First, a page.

"We don't have structural racism, but we have some racists in police and secret services and they should be fired," Edathy said.

For their part, families of the victims say the report is not critical enough.

"Institutional racism is in their view the biggest problem this committee should have addressed, but that is not the case in this report," their lawyers said in a statement.

They said German politicians as well as security services have a "mentality problem" on the far right.

Meanwhile, a massive police presence was deployed in Berlin on Thursday to protect a newly opened refugee centre in Hellersdorf, where hundreds of neo-Nazi protesters had gathered calling for the foreigners to be sent back home.

The protesters greeted some arriving refugees with the Nazi salute.

Speaking at the press event on the NSU, Petra Pau, a leftist MP from Hellersdorf, said she was happy that "politicians from all parties stood up and came to a counter-demonstration."

"I would not say it is dangerous for asylum seekers to come to Germany, but we have to fight these neo-Nazi," she noted.

Wolfgang Wieland, a Green MP, also said it is important not to make a campaign issue out of immigrants and refugees, including Roma from Romania and Bulgaria.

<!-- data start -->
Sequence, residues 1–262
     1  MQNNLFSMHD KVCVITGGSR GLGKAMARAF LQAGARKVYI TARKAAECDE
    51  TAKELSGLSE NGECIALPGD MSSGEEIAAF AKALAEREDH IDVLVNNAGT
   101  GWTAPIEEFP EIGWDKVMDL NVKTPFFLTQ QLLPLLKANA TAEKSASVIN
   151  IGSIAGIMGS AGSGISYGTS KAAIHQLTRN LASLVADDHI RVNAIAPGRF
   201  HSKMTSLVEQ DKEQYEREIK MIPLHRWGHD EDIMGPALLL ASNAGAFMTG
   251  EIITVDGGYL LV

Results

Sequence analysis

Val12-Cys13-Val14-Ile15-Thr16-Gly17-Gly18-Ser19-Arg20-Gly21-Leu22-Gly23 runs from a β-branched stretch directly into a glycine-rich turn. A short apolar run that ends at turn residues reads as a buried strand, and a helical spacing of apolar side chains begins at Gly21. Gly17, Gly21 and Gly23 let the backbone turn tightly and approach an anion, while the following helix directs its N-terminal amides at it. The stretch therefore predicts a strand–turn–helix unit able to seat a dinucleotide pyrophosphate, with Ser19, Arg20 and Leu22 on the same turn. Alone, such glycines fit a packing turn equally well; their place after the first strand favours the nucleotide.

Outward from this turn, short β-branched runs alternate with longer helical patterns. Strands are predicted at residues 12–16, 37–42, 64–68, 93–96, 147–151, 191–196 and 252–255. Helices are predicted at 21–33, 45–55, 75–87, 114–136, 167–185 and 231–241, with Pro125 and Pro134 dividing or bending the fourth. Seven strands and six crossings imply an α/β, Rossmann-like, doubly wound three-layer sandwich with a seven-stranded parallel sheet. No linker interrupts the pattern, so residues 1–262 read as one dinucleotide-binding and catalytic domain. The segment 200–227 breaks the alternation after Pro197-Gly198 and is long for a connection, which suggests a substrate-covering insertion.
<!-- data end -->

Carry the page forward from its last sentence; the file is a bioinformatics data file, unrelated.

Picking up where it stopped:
Attempts by interior minister Hans-Peter Friedrich, a Bavarian Conservative, to capitalise on the idea to send back Roma who "abuse the welfare system" have so far failed to gain traction ahead of the 22 September elections.

"So far this has worked, but I hope it will hold over the next four weeks," Weiland said.

Germany considering ban on neo-Nazi party

Regional ministers are to ask the German Constitutional Court to ban the neonazi National Democratic Party, but the government is reluctant to join in.

Children among dead in UK bomb attack

Children are among the victims after a suspected suicide bomber detonated at the Manchester Arena on Monday, the latest in a string of terror attacks to hit Europe.

EU and US discuss in-flight laptop ban

A meeting between US and EU officials in Brussels on possibly imposing a laptop ban on commercial flights was described by one senior Trump administration official as "robust".

EU visa waiver looms for Russia-annexed Crimeans

Visa liberalisation for Ukrainians entering the EU will also apply to inhabitants of the peninsula taken over by Moscow in 2014. But the issue poses administrative as well as political problems.